Katerina is strong and independent, but not in an annoying way. She has taken care of her family and has a thriving jewelry design business heavily patronized by the 'ice'-loving Duchess of Inverary. She is immediately attracted to Prince Drako, although she thinks he is her enemy she has vowed to revenge her family against. The great thing is that she doesn't hold onto her beliefs that Drako is the villain as she gets to know him and what a good guy he is.

I love all the nuances of this story, the funny conversations, and the poignant moments. The tea parties that the little girls have are hilarious, where they trade gossip about the imaginary Lord Rotten and such characters as that. I love how the Princes eagerly attend the Tea Parties and participate, spending time with the little girls. It's just adorable. You really have to read these books to see what I mean. This is not regency noir, nor is it fluffy per se. It's light, but substantial for a reader who wants to enjoy a book that's not overburdened with angst. Don't get me wrong, I love angst, but it's nice to have a little relief from it.

If you are the type to read books in order, it's best to start with the related series, which is about the Duchess of Inverary's (a prominent recurring character full of sage advice about relationships between men and women) nieces, which begins with To Tempt An Angel. This runs over into the Kazanov series because one of the sisters marries Rudolf, the first Russian Prince. The Kazanov series intersects with the seven Flambeau sisters series (they are the illegitimate daughters of the Duke of Inverary), as they intermarry with the Kazanov Princes. It's a little complicated, but oh so worth reading.

Highly recommended for a Regency romance fan who wants to laugh and really enjoy a fun book.

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Saturday, June 13, 2009

Devil May Cry by Sherrilyn Kenyon

Devil May Cry (Dark-Hunter, #19) Devil May Cry by Sherrilyn Kenyon

My review

rating: 5 of 5 stars
If Kenyon had been borne before modern times, she would have been a traveling bard. For this woman can tell a story like no other writer on earth. I have been a fan of hers for almost ten years, starting with her historical romances written as Kinley MacGregor. I had turned away from my true self, abandoning the world of fantasy and the supernatural. I didn't read any horror, fantasy, and I turned my nose up a paranormal. 'Who wants to read a book with a vampire as a romance hero?' I scoffed. I laugh at myself now. I read Night Pleasures out of curiosity, because my sister loved it so much. She was the big paranormal fan in the family, you see. Well it was love at second sight (I already loved this author as Kinley MacGregor). A decade later, I am a paranormal romance fiend.

Well, this many years into the future, I can say that Kenyon still has it. Her imagination knows no bounds. Her ability to take ancient myths and build a modern story around the, filling the story with lovable or hateable characters with the human quirks that make a reader keep reading, is a great gift. Few authors write a tortured hero so well as Kenyon does. And Sin joins the ranks.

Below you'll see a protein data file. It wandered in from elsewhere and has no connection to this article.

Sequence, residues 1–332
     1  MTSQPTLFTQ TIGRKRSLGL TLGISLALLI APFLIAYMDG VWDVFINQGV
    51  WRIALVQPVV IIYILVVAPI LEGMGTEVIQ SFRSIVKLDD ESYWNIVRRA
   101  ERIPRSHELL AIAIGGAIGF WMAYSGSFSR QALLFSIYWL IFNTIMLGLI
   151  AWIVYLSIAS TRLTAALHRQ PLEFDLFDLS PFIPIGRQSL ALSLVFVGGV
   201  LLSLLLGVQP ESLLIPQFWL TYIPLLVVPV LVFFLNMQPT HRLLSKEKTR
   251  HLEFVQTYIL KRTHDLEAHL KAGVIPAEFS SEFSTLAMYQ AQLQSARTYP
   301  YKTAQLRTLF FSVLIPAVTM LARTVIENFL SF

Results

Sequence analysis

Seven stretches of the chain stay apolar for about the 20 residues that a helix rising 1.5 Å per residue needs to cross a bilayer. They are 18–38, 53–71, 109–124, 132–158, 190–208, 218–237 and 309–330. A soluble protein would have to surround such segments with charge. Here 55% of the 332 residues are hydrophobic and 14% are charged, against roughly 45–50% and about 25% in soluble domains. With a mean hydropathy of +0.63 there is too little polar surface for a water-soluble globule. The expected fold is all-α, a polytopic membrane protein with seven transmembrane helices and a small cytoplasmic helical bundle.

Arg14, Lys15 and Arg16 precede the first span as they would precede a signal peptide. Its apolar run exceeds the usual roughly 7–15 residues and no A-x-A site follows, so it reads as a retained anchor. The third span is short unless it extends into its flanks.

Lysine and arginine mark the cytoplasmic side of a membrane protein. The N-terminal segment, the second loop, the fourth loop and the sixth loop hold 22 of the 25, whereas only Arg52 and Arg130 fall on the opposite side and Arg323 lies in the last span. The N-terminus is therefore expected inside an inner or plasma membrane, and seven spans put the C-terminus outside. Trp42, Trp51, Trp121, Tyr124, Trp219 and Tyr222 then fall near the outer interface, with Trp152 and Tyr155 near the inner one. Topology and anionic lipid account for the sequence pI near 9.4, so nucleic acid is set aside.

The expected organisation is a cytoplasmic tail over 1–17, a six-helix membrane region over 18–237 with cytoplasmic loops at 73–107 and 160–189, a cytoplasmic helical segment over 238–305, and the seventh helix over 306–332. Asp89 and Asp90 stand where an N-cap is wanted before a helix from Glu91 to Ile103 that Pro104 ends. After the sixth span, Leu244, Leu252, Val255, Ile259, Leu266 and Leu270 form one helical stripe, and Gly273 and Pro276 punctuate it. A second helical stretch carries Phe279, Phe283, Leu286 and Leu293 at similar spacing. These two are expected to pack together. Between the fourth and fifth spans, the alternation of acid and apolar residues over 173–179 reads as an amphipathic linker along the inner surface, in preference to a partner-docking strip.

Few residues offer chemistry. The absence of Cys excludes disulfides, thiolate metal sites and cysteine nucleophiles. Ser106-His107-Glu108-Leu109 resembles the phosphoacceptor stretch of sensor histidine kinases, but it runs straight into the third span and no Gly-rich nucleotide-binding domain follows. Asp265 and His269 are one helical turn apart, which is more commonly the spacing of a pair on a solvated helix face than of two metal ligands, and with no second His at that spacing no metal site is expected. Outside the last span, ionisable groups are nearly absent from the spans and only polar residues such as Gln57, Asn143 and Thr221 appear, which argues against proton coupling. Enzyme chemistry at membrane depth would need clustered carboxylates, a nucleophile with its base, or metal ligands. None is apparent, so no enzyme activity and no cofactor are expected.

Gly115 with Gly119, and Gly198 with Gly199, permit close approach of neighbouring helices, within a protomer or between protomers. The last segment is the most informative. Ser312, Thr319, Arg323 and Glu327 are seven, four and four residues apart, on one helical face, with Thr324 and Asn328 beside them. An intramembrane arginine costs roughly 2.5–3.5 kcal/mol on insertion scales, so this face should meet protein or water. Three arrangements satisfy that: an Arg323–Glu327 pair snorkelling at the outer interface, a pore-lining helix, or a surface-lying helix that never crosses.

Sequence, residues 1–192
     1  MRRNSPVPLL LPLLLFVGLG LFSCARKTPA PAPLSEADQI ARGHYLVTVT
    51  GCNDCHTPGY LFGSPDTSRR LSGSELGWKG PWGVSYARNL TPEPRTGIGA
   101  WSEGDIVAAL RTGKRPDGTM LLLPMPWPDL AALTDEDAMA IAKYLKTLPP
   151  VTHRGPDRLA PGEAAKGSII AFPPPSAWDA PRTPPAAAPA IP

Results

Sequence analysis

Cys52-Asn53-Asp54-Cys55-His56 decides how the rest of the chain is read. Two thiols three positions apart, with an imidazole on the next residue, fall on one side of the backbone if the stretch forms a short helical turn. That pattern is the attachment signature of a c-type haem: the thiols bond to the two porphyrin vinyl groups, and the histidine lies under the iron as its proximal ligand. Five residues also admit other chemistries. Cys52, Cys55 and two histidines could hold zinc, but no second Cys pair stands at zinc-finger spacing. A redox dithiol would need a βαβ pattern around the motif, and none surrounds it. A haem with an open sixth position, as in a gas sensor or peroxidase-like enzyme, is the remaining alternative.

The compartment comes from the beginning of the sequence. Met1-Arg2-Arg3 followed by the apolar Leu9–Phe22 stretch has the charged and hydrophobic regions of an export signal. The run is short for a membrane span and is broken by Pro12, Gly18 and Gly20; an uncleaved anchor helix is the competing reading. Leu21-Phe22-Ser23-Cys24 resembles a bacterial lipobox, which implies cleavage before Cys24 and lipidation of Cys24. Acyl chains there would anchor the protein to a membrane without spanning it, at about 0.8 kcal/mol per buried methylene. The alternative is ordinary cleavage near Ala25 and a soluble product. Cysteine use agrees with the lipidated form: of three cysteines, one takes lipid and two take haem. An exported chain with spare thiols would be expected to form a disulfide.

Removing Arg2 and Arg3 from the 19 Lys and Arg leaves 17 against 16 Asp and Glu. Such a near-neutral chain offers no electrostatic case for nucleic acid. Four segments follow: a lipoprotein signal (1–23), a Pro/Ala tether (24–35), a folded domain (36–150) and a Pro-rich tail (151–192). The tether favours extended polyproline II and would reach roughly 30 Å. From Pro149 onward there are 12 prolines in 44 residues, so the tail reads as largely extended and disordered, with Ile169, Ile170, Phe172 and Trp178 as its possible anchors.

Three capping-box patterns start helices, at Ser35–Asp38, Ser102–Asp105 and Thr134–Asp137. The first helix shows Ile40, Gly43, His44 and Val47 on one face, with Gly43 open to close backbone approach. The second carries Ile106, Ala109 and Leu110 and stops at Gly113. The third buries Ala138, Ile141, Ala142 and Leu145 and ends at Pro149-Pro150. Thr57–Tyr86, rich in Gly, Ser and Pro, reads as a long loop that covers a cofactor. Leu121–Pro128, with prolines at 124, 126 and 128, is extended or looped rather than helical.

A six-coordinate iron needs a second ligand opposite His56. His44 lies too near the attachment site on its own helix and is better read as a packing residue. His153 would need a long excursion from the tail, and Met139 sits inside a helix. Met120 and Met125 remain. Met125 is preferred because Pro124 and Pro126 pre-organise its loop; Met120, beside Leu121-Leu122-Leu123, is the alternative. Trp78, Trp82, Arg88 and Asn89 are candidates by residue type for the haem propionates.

I was a little skeptical how this story could succeed in bringing a hero who was an ancient Sumerian god to life. But it was done very well. Sin might have been a god, but he has a humanity that makes me love him all the more.

Katra, introduced in Kiss of the Night, finally gets a book of her own. And it was grand. I liked her from the beginning. It's great to see her story, and how convoluted her family tree is. To reveal that would spoil things, so I won't. But there is a familial reunion in this book guaranteed to bring tears to your eyes if you are a Dark-Hunter fan. Kat is a fun heroine, but also very lovable. Her heart is big and filled with kindness, and she has the wisdom and sensitivity that makes her perfect for an embittered man like Sin. And she can kick some serious bottom too.

Kat and Sin were a great couple. Definitely one of my favorites in the Dark-Hunter series so far. It's great to see both of them find happiness, after Sin had lost so much, and Kat had gone eleven thousand years missing a vital part of her identity. Both of the had seen love go wrong, and had the wary hearts to prove it, but they found each other, and saved the world in the process.

I also gained some insight into a long-despised recurring character in this book, Artemis. Spoiled, selfish, mercurial, yet she does have the capacity for love. Still not my favorite, and still making me desirous of slapping her hard enough to make her eyes roll, but I can see that she does have some good points.

A consistent strength of Kenyon is the cast of secondary characters that she weaves into each story. This book introduces some new faces that had me laughing out loud in the gym on the elliptical trainer with their sarcastic quips. I love the wit and the humor in these Dark-Hunter books. It helps to transition very well from the scenes of sadness as these ancient characters go through awful events that have left the mark of suffering on their psyches. love how she intertwines mythology along with the things that surely come out of her great imagination in her books. It's great to see familiar characters from the myths, but in a story that shows different aspects (and brings these characters to life, dare I say) that the myths could not delve into. Like Hades' sarcastic wit, and his fear of Persephone being angry at him. Gotta love that poor Hades, the all-powerful god of the Underworld is a whipped husband. I must say that I find Hades to be quite the hottie. The much beloved Simi and her sister Xirena also make appearances, with their love of shopping, Diamonique, and devouring demons.